Crossing the Danube on a ferryboat from Rumania one enters a poor country and meets a crude but diligent, healthy, and thrifty people. Whether they work on their tiny pieces of land or in offices in the towns they are cut from the same cloth-peasants and peasants' sons. Luxury has no place in their lives. Indeed, it would offend common decency in this homogeneous simple setting which has little to offer those who strive to get rich and show that they enjoy it.
There is no demarcation between classes, and social mannerisms are absent. But a keen sense of power divides the people who have it from those who passionately covet it. It is as though all the ambition and emotion of this seemingly phlegmatic and taciturn people had been loosed in the quest for the exercise of power. All otherwise restrained violence explodes in the field of politics, and murder is a short cut often resorted to for its efficacy. Perhaps it is the equalitarian character of the land which generates furious hatreds and jealousies, for the "outs" appear no better than the "ins."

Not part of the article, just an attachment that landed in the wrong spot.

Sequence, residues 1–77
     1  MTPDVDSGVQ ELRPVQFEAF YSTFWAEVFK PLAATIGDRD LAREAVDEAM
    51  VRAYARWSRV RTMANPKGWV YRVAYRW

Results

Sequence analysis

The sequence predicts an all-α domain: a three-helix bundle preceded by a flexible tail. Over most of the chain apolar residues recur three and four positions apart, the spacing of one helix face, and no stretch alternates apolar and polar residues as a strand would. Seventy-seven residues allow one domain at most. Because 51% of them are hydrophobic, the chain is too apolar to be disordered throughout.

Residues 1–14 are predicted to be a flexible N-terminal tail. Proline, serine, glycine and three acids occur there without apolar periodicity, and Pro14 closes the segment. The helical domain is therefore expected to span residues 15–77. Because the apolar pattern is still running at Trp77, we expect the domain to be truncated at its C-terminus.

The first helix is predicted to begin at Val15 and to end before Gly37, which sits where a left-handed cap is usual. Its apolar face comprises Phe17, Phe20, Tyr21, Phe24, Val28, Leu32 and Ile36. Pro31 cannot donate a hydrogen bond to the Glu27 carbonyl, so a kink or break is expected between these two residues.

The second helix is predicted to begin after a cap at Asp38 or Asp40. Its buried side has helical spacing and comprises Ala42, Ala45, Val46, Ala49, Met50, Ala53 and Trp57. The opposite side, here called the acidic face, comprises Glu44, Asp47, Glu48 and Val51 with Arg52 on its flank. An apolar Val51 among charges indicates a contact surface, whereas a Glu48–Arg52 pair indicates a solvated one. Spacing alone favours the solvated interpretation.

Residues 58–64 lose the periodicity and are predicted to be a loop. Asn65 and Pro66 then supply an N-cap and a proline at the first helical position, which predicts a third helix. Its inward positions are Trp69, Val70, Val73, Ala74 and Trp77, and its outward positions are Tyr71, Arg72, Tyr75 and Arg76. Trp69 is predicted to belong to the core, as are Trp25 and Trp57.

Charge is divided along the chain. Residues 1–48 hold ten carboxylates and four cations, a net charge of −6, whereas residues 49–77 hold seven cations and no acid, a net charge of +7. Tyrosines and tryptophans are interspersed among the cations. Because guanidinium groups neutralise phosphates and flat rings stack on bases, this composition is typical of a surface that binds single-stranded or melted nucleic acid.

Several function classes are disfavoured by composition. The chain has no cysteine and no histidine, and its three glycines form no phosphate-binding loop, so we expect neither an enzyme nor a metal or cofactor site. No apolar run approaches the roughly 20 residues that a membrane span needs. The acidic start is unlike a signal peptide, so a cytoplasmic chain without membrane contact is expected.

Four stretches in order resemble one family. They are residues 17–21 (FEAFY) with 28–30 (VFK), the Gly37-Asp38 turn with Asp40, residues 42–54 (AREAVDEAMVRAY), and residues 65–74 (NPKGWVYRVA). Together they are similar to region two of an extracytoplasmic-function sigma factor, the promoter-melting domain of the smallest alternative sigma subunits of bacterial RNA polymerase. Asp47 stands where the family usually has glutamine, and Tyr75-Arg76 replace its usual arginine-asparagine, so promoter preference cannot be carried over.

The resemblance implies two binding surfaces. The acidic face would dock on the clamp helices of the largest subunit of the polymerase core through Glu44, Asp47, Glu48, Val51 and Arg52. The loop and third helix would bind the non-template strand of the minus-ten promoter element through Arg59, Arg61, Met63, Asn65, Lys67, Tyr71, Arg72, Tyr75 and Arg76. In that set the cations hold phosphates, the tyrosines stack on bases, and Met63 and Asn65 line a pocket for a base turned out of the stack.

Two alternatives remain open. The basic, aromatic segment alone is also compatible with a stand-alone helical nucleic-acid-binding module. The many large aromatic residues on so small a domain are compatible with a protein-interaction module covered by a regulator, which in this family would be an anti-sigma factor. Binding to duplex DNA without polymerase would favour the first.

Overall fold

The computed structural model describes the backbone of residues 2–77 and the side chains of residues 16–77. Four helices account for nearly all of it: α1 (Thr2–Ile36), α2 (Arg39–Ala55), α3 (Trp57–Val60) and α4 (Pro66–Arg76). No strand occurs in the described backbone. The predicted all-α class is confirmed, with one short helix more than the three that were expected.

The great powers saddled this peasant democracy with a German prince, shrewd and cynical, who considered political power his private asset and enjoyed risking it in the big game with the great. As a consequence, Bulgaria became a chronic loser.
Power rested with the king and his circle of favorite officers, lawyer politicians, and some industrialists and mer-